Interstellar (vs Gravity)
There’s a lot to like in Interstellar, and much of it has been caught by professional reviewers. I think there are several dimensions (oops) one needs to reckon with. One: is the story a convincing human – personal – drama? Two: is it a good morality tale? Three: is it a good cinematic theme park ride? Four: is its science robust? If you’ve the patience here’s my unpick of some of those, below the fold.
I think the stories of Cooper’s relatonship with his daughter, his old NASA professor and his female co-pilot are pretty enticing. The film has one main moral dilemma: can people extend their moral horizons beyond selfishness, through the love of people close to them, and on out into wider empathy and altruism? This is well and quite richly handled. By the way: the way that Cooper can set the degree of honesty and humour of the robots around him is a nice play on the mindsets we human dicker with all the time. And it is one of the few funny riffs in the film.
One good test of the morality of a Hollywood scifi movie is to frame it as a Western. In this take, Cooper is a cowboy who has become a farmer: he has grown out of being a willing loner, and is now a grieiving widower. He must get into the saddle one more time, but for love, both of family and humanity – since he is a proper chivalric knight (to mix in another troped metaphor) – not thrills. It is his daughter who can manage abstract philosophies, though of course she remains all-woman. At the end of the movie, he heads off into the sunset, and for a woman.
On the sexism score: of the two women, the Hathaway character is pretty much old-style love and sex interest, with a nice dash of toughness. But the Murph character is a nice mix of ancient and modern: the brainy girl, up bit messed-up maybe, but able to out-think everyone. Modern, but also classic: she is spunky as only a Hollywood kid can be.
Curiously, the film didn’t need IMAX. Unlike Gravity, the Interstellar worlds we had to reckon with were mostly imaginative and intellectual. So whilst Gravity took us on a scary and realistic ride into pretty workaday space on pretty workaday bits of space kit, Interstellar had tons more acting and much less a sense that we were reliving an actual space experience. Of a piece with this difference, Interstellar takes us to really other-worldly places here on earth, as simulacra of space, and to a tsunami (admittedly in space), just as any disaster movie from the last fifty years might have done. And all the better for it, I say.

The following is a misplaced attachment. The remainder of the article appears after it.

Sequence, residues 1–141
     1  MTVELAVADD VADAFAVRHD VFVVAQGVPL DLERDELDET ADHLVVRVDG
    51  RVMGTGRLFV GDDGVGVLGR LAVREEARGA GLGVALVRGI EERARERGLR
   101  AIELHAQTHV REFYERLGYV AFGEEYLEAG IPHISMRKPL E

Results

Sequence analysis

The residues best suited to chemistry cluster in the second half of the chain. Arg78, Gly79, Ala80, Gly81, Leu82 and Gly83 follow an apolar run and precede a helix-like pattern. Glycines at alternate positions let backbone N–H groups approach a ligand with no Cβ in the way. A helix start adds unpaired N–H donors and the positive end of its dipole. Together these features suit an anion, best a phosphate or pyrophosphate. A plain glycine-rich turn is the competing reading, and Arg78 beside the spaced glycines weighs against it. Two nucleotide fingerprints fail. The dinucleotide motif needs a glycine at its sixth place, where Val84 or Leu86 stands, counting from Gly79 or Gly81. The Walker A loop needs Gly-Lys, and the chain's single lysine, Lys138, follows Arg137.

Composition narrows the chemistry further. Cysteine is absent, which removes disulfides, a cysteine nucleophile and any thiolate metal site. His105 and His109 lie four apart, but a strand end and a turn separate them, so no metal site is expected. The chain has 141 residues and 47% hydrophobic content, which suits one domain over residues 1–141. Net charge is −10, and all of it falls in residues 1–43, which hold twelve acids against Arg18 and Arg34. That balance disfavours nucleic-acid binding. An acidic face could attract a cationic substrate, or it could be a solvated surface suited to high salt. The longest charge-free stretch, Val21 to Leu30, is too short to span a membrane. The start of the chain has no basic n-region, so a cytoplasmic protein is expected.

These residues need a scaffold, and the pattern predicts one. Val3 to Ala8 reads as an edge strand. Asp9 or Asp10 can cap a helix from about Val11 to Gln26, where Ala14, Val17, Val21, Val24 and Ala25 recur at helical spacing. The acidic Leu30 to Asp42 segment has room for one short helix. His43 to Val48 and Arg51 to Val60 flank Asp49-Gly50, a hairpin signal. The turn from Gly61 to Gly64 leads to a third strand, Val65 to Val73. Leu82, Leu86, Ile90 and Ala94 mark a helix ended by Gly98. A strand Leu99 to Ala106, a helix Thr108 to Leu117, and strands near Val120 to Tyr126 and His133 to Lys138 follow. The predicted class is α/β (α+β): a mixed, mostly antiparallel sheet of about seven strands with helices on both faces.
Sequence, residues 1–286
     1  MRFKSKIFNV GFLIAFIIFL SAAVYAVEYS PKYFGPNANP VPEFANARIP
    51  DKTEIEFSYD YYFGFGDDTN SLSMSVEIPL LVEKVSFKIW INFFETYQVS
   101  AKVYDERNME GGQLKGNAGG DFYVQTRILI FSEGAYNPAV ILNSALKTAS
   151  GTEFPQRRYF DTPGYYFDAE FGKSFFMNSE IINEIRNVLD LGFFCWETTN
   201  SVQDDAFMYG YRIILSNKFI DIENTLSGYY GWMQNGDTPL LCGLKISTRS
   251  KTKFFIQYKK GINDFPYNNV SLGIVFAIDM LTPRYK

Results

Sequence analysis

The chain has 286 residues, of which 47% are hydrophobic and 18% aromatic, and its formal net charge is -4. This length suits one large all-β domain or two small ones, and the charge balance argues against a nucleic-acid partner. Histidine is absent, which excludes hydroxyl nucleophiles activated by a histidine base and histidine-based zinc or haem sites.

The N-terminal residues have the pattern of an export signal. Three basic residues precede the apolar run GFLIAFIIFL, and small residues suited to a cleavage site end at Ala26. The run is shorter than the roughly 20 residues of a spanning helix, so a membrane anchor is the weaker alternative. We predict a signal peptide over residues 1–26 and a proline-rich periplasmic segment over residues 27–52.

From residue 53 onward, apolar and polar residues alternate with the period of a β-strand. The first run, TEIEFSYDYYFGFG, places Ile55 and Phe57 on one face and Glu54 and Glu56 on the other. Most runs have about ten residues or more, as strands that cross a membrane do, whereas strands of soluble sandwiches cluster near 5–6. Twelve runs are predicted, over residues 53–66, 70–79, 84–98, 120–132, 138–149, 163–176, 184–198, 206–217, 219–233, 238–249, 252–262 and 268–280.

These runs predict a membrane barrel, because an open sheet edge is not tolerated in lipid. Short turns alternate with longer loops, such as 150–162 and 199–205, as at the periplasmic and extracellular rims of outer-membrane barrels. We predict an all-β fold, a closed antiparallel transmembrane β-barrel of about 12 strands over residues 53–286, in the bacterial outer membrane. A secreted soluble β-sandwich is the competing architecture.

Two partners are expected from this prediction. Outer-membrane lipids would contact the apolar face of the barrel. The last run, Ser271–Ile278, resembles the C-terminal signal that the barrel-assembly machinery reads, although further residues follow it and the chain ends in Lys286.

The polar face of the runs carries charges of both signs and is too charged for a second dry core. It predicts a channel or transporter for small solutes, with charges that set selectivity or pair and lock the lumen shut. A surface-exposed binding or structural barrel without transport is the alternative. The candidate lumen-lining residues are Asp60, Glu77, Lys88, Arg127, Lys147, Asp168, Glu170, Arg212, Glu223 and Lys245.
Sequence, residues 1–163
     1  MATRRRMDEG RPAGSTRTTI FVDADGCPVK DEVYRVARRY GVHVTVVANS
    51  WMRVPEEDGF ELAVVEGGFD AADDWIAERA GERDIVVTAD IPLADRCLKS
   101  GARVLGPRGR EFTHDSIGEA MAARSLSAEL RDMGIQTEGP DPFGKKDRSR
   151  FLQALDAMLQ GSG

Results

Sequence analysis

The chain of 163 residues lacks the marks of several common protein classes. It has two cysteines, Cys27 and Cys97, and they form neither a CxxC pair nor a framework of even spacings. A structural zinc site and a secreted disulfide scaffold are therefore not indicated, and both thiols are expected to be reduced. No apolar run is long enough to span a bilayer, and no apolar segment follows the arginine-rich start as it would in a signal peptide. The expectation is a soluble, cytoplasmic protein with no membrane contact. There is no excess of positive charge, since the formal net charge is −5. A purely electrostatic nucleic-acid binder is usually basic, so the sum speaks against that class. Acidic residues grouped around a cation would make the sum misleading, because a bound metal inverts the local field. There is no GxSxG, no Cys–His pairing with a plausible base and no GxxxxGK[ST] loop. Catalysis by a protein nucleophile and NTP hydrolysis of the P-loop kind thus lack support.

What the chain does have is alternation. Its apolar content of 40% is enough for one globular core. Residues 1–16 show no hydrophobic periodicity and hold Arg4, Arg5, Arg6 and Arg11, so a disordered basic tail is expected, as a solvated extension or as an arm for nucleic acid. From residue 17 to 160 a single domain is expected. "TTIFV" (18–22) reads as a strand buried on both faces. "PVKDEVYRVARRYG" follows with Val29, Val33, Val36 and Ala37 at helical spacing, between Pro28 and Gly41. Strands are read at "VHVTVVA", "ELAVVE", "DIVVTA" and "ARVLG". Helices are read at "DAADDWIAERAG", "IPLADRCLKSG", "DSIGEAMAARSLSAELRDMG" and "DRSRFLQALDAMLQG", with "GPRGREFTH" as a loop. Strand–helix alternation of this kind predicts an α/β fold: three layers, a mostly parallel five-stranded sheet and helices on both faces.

I have great difficulty working out how the British twice-yearly clock-changing routine works, so you won’t expect me to understand (or even really believe in) all this business about multiple dimensions. Nonetheless, I gather that Insterstellar‘s science is far better on the physics of dimensionality than it is on the properties of black or worm holes. I couldn’t care less. I accepted that I had to try to keep up with the vagaries of time-shifts (a genuine and interesting exercise). As to the mechancis of worm holes and space-travellers popping themselves in sealed jacuzzi’s for prolonged naps, well I could more or less go with the flow.
So for me, the film really came alive on the ice-slopes of Mann’s planet, and in the later multi-dimensional library scenes.
On the serious downside: the sound was truly awful in the sense that great tracts of script were sucked into an auditory Black Hole. Oddly, in all the deafening roar of the shed cinema’s IMAX, it was amazing how insistent was the sussuration of the sweet wrappers and all the other detritus that young and old now insist on. I imagine we will soon be able to opt for earphones which give us the sound of the film. They could have equalisers so we can pick the quality of sound. Cooper, in Interstellar, very sensibly had such kit.